Beauty shot farm land.

Rapid Agricultural Response Fund

To find a new way to problem solve in the 21st century, in 1998 the Minnesota Legislature worked with the state's agricultural leaders to create resources to tackle emerging agrilcultural challanges. The result was the Rapid Agricultural Response Fund (RARF). Since that beginning it has helped develop research answers to some of the most puzzling and unpredictable problems facing our farmers.

Below you will find overviews of the most recent RARF projects including background information, project objectives, and progress updates when available.

Matt Clark and his team conducting research on an emerging global problem called Grapevine Trunk Disease with the aim of identifying the pathogens, determining their impact, biology and ecology and developing necessary management recommendations for vineyards.

Brian Crooker and his team are working to discover a better understanding of genetic polymorphisms beneficial to mastitis resistance. Such a discovery would strengthen gene-assisted selection efforts designed to enhance the prevalence of beneficial genes and quicken the pace towards reducing incidence and severity of mastitis in the dairy cow.

A new multivariable model looks at how geographical factors may be a significant factor to help predict the risk of a PRRS outbreak.

Researchers at the College of Veterinary Medicine were able to gather extensive samples from infected turkey farms all over the state, including samples from exhaust fans.  Their findings will help develop new protocols and programs for controlling airborne diseases in swine poultry facilities.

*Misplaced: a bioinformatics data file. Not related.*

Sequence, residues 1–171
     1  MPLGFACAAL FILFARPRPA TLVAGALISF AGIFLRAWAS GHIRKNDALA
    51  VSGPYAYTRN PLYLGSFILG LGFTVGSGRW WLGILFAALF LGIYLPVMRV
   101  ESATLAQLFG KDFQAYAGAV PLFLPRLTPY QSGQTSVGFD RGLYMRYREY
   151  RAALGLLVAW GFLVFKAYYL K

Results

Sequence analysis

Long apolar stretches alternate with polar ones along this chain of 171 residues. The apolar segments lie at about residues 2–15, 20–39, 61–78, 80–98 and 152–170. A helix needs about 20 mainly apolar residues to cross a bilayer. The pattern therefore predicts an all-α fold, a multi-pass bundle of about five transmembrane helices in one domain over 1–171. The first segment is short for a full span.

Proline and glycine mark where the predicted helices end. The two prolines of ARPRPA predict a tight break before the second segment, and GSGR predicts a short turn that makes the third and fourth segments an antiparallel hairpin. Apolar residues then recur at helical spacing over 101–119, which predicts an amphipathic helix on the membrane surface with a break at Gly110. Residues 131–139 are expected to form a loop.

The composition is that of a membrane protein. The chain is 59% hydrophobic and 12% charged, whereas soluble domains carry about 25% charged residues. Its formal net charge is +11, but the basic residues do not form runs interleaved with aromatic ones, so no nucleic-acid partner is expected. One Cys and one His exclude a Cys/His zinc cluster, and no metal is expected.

Roger Ruan and his team are employing an engineering approach to control airborne pathogens transmission by sanitizing the air that is circulating in or entering and leaving barns. The process will also simultaneously decompose odorous compounds and reduce odor emissions. 

Kevin Smith and his team are bringing together a unique mix of with ag researchers, ag engineers, and civil engineers in order to guide their development of a high-throughput field screening system for lodging.

Matthew Russell and his team are using remote sensing technologies to predict ash occurrence and relative abundance across Minnesota with the aim of synthesizing current management efforts in ash-dominated forests across the state. 

Dr. Torremorell and her team are continuing to work on developing and providing recommendations to producers and veterinarians to control influenza in swine herds.

Christopher Philips and his team are working to gather data on the invasive brown marmorated stink bug (BMSB) and how it is affecting Minnesota apple orchards. As there is currently no data available in this area, they are focusing on providing provide knowledge that will aid in optimizing monitoring and control strategies for this invasive pest. 

Dr. Ly and his partners are working to develop and test a new vaccine for Hemorrhagic Enteritis. The new vaccine will be based on viral vaccine vector (Pichinde virus, PICV) a technology recently developed by their laboratory.

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